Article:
Interview by VITALIY SYZOV, Special correspondent of Ukrainian foreign broadcasting in Europe, with WILLIAM TAYLOR, United States Ambassador to Ukraine (2006-2009).
The first question is, of course, about this decision of Russian authority, of mobilization, why you think they decided to do this? Because it’s very risky for them, for the government of Russia. Which possible consequences for Russia? And could the United States in some way react on this to provide Ukraine more significant help than it now to defeat it?
Yes. I think this decision to mobilize another 300,000 or more Russian soldiers is a sign of desperation. I think it’s a sign that President Putin knows that he is losing on the battlefield against a determined Ukrainian military. He recognizes that his soldiers are tired and depleted. He is he is running very short of manpower of soldiers, and he’s looking for replacement soldiers wherever he can find them. So far, he’s not been able to succeed. He has failed at getting enough prisoners from from jails or from the North Koreans or from the Russians or from the private sector or from the Syrians or Libyans. He has not been able to come up with soldiers that he needs. So he needs to do something to change the subject, to change the momentum. And even though, as you say, this is risky for him, it’s already we already see the risks, the political risks for him, that that the Russian people are now opposing this call up, this mobilization and. This. His supporters on the right are criticizing him for not being strong or so. Mr. Putin has found himself in a very difficult position and is trying to find a way out. It’s again, it shows to me that he is desperate.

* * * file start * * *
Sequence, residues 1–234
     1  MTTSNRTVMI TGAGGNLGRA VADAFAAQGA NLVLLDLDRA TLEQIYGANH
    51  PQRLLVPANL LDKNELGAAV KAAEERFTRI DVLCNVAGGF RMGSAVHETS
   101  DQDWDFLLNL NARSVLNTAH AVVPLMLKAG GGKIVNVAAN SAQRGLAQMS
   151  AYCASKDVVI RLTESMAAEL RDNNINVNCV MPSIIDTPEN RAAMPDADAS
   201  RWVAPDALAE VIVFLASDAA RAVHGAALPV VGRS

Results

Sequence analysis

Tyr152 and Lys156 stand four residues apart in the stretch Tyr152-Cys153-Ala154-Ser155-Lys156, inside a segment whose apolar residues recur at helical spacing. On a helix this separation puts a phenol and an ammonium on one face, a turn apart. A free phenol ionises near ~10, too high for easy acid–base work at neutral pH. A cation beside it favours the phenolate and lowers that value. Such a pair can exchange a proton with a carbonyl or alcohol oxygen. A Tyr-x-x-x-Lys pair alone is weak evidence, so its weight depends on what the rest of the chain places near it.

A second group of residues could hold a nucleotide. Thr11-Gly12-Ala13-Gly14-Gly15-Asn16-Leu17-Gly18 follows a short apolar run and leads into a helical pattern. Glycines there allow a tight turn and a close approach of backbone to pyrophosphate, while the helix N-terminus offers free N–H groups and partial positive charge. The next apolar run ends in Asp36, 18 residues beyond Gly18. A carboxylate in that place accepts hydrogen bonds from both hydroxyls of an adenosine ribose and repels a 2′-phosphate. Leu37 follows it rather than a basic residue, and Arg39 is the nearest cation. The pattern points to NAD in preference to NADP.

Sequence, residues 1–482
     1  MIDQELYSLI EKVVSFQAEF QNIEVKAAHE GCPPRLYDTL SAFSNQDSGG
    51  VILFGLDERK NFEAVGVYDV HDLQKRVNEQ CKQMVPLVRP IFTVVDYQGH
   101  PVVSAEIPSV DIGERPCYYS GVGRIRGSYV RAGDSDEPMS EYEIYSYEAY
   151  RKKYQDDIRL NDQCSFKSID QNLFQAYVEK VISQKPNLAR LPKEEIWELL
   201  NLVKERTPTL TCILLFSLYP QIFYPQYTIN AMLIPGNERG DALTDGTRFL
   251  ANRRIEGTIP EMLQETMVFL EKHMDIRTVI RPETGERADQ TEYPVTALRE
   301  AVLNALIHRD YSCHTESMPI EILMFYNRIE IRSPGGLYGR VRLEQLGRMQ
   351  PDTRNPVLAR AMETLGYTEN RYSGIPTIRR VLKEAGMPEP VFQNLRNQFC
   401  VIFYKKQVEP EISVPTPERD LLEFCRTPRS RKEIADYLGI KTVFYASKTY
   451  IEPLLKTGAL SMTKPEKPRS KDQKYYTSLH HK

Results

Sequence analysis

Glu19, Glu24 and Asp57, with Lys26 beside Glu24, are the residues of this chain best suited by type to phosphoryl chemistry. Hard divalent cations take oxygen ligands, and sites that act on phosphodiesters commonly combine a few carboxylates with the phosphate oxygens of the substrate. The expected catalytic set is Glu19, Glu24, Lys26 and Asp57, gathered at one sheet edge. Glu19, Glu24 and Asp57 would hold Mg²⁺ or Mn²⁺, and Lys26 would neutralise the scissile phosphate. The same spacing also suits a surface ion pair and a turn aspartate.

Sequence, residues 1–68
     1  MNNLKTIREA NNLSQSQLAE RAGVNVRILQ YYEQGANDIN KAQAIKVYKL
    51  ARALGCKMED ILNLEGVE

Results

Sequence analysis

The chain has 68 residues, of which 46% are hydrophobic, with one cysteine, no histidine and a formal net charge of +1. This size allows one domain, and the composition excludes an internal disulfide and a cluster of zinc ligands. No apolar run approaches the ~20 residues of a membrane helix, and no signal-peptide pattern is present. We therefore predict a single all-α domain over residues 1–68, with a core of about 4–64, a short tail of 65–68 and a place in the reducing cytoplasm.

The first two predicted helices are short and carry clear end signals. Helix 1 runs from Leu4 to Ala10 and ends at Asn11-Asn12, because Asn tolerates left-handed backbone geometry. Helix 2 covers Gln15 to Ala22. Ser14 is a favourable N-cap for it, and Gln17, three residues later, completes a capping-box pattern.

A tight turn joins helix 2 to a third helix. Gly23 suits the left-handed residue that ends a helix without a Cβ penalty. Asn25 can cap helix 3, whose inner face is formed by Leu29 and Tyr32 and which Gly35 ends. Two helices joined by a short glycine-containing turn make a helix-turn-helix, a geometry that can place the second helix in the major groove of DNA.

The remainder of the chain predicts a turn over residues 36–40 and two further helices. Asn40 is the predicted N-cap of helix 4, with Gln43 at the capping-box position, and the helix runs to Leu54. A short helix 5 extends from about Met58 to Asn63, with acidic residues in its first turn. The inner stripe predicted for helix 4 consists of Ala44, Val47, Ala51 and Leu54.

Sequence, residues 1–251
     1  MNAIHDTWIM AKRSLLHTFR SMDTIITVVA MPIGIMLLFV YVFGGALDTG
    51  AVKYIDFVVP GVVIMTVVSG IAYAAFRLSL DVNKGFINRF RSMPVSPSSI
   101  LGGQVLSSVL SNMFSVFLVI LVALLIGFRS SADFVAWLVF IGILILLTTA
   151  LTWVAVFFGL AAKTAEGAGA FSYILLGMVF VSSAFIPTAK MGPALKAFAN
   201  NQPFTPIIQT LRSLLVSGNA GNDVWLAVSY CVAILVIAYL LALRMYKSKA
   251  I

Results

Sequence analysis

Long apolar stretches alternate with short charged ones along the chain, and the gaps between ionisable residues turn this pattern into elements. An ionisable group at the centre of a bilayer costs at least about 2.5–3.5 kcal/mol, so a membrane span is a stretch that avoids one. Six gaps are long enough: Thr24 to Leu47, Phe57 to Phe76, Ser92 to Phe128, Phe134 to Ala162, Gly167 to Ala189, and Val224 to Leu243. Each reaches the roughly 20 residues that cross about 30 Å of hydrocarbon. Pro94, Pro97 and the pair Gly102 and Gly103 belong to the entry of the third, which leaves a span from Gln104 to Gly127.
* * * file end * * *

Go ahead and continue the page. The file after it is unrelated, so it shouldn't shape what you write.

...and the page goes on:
What do you think about the result of this mobilization for the situation on the battlefield? Could it be effective? And could Ukraine expect some new offensive of Russian forces, for instance, some attacks in the key region on services like that?
But I don’t think that this mobilization will show any results in the near term over the next weeks or even months. It will take it’ll take weeks and probably months to. Recruit these soldiers. He’s having a hard time recruiting anyway. There’s a lot of resistance to this order. So he’s not having very much luck on the recruiting side. He then has to transport them, train them and equip them. That takes time as well. And then he has to try to get them into the into the battle into Ukraine. And that will take even more time. So I don’t look to see any real changes in the Russian forces, the level of forces or the quality of forces over the next several months. And during that time, the Ukrainian forces appear to be ready and able and in the process of. Continuing the counterattack, continuing the counteroffensive to push hard on the Russians that are now weak. The Russians, as President Putin has indicated, are now weak on the battlefield and the Ukrainian military is taking advantage of that weakness.